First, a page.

I’m being cryptic. I’ll stop. I’m too busy to be cryptic.
So, I like those old-style d8+d12 random encounter tables.
I wonder, were they d8+d12 because d10s were unreliable/unavailable, or was there some other reason?
Sometimes it’s hard to teach a new-school gamer old-school tricks.
I prefer to use 2d10 because you get the same basic results, a number between two and twenty, or a range of nineteen possible encounters.
Nineteen is a lot.
I didn’t play in the old days so I don’t really know how to fill one of these encounter tables. I wanted to figure the probability of each result.
I laughed when I noticed the pattern.
A roll of 11 has a 10% probability, and every number above or below it has a 1% difference. It was one of those “facepalm” kinds of laughs.
Anyway, what I realized after a fashion was that this style of encounter table would actually be really great to fill with some new-school types monsters. You know those Word Salad Monsters like, “Daggerspell Flind Gnoll?”
I know I lost some of you with that.
Well, adding a dash of the new school and a pinch of the old school — figure that your encounters feature anywhere from one creature to an number equaling the party, to overwhelming numbers of foes.
You can wind up filling your 2d10 table with entries for half a dozen kinds of weirdo gnolls. Now, I’m sure the old school did that with gnoll warriors versus gnoll warlocks versus gnoll thieves or something — but new school thought opened us up to a lot more permutations of monsters. Like a lot, a lot.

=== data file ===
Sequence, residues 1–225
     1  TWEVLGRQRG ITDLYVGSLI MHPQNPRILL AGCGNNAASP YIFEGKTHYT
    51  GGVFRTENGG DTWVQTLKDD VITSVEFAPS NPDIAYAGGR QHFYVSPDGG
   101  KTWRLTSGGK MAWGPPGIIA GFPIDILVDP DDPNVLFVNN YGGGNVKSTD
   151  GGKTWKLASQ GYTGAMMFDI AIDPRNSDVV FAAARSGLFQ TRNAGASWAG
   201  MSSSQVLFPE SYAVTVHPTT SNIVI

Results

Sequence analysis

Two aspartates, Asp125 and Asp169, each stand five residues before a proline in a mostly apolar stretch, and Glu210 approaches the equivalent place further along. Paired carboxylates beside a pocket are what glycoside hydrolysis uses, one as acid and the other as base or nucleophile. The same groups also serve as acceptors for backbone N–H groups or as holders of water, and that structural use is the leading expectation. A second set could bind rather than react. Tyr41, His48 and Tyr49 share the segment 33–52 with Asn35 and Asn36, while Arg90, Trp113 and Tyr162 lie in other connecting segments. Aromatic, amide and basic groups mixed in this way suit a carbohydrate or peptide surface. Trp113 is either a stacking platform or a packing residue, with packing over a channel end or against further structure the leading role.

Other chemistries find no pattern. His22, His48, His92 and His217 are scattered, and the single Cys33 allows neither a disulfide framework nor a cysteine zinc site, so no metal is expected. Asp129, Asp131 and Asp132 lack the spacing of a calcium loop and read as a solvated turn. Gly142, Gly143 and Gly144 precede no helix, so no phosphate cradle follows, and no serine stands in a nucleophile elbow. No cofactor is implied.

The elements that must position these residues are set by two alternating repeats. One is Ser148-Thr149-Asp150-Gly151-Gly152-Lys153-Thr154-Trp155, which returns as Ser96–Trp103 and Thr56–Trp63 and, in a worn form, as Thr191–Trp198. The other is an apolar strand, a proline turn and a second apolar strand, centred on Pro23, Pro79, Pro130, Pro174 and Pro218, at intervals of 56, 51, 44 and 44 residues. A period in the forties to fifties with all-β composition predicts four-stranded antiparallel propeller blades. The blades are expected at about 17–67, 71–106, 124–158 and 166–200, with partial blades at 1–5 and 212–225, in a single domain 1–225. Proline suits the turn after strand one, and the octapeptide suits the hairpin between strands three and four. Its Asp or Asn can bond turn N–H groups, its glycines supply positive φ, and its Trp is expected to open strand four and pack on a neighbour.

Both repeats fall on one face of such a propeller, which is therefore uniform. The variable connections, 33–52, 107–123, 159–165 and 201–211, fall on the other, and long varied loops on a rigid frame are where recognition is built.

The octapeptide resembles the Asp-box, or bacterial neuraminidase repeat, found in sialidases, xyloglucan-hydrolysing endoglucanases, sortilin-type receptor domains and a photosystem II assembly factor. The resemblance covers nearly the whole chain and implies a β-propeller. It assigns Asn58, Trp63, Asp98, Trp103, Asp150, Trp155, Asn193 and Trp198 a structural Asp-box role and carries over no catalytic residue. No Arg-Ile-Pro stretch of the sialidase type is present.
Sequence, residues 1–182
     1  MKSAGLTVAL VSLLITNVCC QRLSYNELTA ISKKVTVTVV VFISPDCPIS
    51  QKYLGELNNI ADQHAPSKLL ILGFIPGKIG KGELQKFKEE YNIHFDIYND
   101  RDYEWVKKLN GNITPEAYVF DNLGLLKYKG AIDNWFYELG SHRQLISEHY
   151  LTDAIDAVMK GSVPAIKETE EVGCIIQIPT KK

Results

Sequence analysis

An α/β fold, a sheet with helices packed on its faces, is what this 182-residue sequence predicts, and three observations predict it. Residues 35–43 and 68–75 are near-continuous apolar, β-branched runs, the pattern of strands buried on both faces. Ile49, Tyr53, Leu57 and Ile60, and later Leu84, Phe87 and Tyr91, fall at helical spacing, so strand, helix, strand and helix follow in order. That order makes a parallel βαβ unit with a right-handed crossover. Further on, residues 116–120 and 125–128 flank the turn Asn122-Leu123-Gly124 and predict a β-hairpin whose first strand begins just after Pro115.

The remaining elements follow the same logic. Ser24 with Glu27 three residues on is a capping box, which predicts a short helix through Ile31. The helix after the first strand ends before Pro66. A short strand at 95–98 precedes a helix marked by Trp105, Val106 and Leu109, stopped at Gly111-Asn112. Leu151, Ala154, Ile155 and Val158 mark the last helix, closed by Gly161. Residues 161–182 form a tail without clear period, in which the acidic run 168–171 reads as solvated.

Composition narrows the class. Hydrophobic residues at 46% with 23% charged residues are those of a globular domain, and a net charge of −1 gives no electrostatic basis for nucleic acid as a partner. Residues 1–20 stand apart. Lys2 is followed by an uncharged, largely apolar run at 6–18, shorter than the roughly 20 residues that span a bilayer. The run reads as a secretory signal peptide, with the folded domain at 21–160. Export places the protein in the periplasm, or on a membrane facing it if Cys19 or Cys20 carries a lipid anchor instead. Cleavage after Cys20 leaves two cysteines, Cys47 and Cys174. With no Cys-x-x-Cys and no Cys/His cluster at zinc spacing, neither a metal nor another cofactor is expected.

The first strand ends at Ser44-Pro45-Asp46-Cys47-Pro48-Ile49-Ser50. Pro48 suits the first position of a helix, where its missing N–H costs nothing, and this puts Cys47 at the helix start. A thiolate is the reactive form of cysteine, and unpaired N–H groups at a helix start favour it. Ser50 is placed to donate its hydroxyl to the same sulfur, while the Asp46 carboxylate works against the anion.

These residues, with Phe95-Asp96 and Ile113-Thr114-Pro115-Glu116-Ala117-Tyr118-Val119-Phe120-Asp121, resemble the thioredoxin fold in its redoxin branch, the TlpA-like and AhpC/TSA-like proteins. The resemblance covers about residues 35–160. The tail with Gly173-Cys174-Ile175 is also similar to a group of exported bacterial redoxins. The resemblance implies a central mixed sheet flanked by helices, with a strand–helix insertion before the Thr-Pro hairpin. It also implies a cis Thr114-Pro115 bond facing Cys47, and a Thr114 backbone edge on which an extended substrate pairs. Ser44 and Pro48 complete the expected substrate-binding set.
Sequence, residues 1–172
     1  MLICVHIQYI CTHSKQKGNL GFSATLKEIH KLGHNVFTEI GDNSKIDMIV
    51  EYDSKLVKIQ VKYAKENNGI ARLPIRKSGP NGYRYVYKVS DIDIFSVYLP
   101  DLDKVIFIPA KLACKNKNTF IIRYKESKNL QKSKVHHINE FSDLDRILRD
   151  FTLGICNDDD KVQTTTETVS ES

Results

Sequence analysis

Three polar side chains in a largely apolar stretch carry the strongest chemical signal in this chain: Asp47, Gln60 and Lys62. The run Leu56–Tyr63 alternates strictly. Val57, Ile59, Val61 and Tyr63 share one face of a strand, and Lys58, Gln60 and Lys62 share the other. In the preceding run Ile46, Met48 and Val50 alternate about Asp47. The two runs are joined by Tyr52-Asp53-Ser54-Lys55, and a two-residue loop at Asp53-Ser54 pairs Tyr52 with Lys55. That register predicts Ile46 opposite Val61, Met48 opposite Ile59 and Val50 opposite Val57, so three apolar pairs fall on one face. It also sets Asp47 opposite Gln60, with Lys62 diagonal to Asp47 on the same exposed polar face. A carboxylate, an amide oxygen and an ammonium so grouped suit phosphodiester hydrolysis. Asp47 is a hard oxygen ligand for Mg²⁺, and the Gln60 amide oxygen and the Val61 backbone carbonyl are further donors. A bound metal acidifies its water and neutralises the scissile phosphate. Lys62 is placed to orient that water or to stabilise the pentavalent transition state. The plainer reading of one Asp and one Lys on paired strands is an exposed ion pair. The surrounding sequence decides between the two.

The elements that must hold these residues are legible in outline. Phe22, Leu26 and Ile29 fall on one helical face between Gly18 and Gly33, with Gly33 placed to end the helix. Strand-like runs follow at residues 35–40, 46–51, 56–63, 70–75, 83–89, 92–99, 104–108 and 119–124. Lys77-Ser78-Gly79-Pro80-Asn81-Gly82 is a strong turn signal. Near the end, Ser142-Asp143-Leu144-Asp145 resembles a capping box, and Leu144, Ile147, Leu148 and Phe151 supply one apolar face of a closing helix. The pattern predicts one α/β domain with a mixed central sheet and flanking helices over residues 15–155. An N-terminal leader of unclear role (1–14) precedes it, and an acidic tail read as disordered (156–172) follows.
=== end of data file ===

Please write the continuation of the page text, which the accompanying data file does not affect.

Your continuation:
Also, a method for creating interesting, unique monster powers.
I figure if I can marry the two — unique monster shenanigans and random encounter tables — I might have a recipe for super-easy dungeon design.
How do you make narrative structure gameable?
The Call To Adventure is a thing, we know what it is.
The Threshold Guardian is a thing, if you know the “Hero’s Journey.”
So how do you turn basic narrative structure into a game?
That’s basically what I’ve been trying to answer with my Rumor/Plot mechanics. I’ve been trying to figure out how to turn parts of the structure into moves and mechanics anyone can use — whether they even know narrative structure.
It’s been slow-going, and kind of weird — since before I can game-ify narrative structure I have to make sure I understand it myself. And that has involved analyzing and outlining a lot of stories (I’m at over 20 now).
You know like, practice runs. Trying to really get beginning, middle, and end — catastrophe, climax, and denouement. To make it instinctual (well, moreso).
And it’s involved some — “reaching out” — to genres beyond my basic interests, and in some cases, understanding. To kind of “get” genre.
I’m nowhere near “done.” I doubt I’ll ever be.
But that doesn’t mean I don’t know enough to hack something together. And that’s kind of where I am in the process now.
I think the next step is in trying to make some of this stuff — which is pretty incredibly abstract — more accessible. That might mean some silliness.
Like maybe naming some mechanics after what they… are.
“All right gang, time for the call to adventure.”
Until some terms emerge from actual play.
“Who’s going to answer?”
It’s pretty weird still. But whatever, right?
We’ll get there.